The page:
I'd like to see Samsung get into big trouble over this because it is inherently wrong, at least that's my position, but I am less sure if they have broken any actual laws. Maybe some digital eavesdropping provisions that are only allowed to be done by governments have been breached but I can see Samsung weaselling out of that one. There's probably a disclaimer in 5point font 100 pages into the agreement that the buyer agrees to by opening the box.... of course that's wrong too. Oh where to start...
What places might those be? And what's the excuse for buying a cassette when you already own an LP?
If you wanted to play music in your car (and didn't want that to be from the radio) you might need to buy a cassette, at least I'm not aware of any cars came with builtin turntables. The Walkman also made it possible to take music with you on the go, but again if you had the LP you'd need to "buy the White Album again" on cassette.
It is my understanding that in many of the "loser pays" jurisdictions it applies only if the party bringing the suit loses. So in your example you'd be fine... well not fine, more like screwed, but at least safe from having to front up the money for the vampiric hordes used to convict you of some heinous act like downloading a copy of Santa Clause 2.
It's still not a perfect system, but better than you describe.
I run a number of faculty specific labs (specialised software & hardware) and have a lot of contact with central IT and other faculty specific lab administrators.
I echo a lot of the sentiments already expressed but wanted to address the specific issue of speaking to the users of the facility. Mine is, as far as I know, the only place at my University that has the support staff located in the computer lab area. Everywhere else the students have to log a job with the helpdesk... which ends up being rare because it's more effort than just moving to another machine. Then the admins come around some time later (or perform tasks remotely) and do not, in any way, interact with the end users. In my case they just come and ask, which has its drawbacks too, but I get to know a lot more about them and how they use the labs.
Even those who have their own machines use the labs primarily because of the software. They can't afford to buy copies of CS4 and Solidworks and Final Cut Pro and so on... some pirate, but many wouldn't know how, the rest don't want to. The other reasons are communication with other students, printing and the speed of the machines we have as opposed to what they can get on their laptops.
Knowing how the students work and communicating with them regularly has helped me make the facilities better and while the labs are open until 3am and I go home some 9 hours earlier they're not shy in letting me know what happened the night before about any specific issues.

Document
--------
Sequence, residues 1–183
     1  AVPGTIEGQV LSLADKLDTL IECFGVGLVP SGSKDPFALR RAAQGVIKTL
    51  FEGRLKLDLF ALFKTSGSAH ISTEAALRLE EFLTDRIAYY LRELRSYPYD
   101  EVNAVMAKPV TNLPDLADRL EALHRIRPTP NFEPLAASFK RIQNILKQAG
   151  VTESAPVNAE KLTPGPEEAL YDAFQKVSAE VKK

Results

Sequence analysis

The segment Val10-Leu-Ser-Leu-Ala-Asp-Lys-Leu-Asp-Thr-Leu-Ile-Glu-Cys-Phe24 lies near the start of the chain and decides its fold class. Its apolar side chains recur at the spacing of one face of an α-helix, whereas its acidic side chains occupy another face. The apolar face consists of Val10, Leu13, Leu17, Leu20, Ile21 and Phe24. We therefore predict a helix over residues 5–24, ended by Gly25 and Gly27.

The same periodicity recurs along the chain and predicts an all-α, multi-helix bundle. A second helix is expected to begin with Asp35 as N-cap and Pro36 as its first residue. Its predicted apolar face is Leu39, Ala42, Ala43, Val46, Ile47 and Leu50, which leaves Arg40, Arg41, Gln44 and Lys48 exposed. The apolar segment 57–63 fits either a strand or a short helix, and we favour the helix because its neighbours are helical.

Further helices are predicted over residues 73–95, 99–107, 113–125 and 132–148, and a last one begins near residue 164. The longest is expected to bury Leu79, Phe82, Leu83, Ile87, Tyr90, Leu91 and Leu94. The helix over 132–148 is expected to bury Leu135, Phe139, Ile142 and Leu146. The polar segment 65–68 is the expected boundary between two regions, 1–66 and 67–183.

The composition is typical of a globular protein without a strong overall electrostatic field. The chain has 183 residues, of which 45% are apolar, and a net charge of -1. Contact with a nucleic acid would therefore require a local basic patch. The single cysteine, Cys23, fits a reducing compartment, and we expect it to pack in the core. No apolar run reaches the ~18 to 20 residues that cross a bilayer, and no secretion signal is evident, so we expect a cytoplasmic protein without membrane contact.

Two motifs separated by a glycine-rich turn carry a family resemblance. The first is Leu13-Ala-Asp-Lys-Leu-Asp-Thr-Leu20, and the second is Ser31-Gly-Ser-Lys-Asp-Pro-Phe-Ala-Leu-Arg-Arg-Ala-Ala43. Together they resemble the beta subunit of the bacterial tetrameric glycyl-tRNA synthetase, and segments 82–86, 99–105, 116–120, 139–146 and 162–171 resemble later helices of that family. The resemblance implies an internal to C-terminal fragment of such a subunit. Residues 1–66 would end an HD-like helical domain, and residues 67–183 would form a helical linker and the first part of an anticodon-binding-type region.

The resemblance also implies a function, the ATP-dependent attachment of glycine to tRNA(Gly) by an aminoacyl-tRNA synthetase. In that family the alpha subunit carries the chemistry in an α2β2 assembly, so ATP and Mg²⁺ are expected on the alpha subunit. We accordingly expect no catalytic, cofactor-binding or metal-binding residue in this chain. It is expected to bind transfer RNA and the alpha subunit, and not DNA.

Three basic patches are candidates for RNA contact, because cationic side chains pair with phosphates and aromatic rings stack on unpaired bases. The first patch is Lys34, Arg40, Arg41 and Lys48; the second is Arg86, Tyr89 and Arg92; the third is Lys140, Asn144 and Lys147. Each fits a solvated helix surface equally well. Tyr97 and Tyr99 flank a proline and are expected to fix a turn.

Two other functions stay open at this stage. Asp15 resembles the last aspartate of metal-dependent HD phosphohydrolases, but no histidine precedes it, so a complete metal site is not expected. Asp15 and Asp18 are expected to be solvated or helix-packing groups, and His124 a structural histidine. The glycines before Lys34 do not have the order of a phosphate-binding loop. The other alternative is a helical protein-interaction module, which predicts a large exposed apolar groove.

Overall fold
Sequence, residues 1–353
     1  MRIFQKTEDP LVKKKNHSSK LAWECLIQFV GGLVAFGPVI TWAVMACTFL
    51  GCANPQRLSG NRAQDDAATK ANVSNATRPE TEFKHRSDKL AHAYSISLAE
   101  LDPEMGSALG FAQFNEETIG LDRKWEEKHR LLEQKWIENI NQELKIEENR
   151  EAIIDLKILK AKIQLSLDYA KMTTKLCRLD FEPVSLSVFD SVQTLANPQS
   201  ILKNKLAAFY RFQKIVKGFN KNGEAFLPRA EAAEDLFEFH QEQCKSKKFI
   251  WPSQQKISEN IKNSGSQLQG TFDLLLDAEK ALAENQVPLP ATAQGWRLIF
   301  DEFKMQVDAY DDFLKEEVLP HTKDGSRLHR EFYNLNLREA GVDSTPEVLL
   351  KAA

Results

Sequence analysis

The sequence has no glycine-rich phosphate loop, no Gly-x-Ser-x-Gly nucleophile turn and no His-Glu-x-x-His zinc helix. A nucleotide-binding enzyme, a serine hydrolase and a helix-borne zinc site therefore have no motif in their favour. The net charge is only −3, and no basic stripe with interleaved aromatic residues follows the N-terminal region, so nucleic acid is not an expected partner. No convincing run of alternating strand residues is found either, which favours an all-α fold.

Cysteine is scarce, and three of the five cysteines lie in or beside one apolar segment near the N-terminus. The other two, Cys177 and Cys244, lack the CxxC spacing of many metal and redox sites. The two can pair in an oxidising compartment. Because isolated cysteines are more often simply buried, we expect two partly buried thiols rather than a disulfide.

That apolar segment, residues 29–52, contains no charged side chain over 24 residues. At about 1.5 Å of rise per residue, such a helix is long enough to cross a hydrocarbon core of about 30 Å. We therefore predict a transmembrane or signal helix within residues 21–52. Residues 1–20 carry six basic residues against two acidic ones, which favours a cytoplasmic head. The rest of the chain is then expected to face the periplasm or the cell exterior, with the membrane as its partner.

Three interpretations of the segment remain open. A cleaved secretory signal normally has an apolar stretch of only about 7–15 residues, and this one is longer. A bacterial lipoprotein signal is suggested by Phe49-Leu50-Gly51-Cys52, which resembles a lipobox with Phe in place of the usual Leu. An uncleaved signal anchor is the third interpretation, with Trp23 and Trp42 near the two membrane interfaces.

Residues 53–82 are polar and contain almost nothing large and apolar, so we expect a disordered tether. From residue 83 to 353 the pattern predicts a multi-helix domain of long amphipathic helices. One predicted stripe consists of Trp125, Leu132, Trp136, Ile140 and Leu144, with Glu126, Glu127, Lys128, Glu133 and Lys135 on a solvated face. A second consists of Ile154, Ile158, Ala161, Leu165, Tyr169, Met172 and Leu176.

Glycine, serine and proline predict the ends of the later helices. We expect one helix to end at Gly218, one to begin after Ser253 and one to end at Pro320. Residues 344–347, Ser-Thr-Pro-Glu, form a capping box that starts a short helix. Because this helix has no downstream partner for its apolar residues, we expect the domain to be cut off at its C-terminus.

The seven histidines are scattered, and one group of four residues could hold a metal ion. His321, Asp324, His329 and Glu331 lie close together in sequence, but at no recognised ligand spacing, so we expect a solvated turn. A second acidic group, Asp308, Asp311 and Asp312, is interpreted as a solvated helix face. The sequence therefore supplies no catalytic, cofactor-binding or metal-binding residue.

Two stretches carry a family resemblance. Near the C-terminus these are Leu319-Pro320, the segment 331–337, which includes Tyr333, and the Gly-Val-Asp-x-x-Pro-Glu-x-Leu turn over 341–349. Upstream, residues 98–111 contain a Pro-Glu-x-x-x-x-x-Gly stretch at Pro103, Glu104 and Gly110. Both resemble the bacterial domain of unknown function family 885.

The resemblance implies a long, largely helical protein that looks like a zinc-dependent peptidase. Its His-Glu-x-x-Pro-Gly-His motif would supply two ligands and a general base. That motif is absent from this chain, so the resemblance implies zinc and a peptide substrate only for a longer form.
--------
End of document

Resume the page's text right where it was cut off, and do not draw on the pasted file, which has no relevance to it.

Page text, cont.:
You learn only so much by looking, you learn more by talking as well.
To give an example - Fedex and UPS spent hundreds of millions of dollars to place orders for A380s in 2006
2. It's still streets ahead of OS X, and OS X's licensing doesn't seem to have slowed it down too much.
Whether or not Windows 7 is streets ahead of OS X is debatable but I'm more interested in the second half of that point. OS X, at least the client version which is what I assume we're talking about, has no licensing scheme to speak of. You can install OS X on as many machines as you want from one disc and never have to make a phone call for an activation code or connect to Apple's servers for permission. I guess Apple is effectively selling a licence of OS X with every box sold you could argue their licensing is a giant dongle which doubles as a computer.
At any rate I think the reason OS X's licensing doesn't seem to have hampered it is because it barely has any when compared to the alternative from Microsoft.
Depends on how you frame your purpose. It's a bit like giving a man trout as opposed to teaching him to fish. Also why can't they feed the poor *and* do space exploration.
Personally I think space exploration is very important. Eventually we're going to have to get off this rock to survive. Whether by resource depletion, disease, catastrophic event (something big crashes into Earth, supervolcanoes go apeshit or sun going supernova) something's going to make our time here limited and the sooner we find viable ways of travelling, finding other hospitable planets (or moons) sustaining ourselves and all the other things we haven't figured out yet the better. Yes some of what we do could probably be done better, or more efficiently, but we've got to keep trying. I'm also not a fan of just letting the USA and Russia play this game. I think India the ESA and China all have a valid reason to play the game too. I'm not sure which 3rd world country was being referred to but all the involved nations so far have poor hungry people they could be helping out.
Just because they have a space program doesn't mean they can't do that too.
In every non-trivial program there is at least one bug.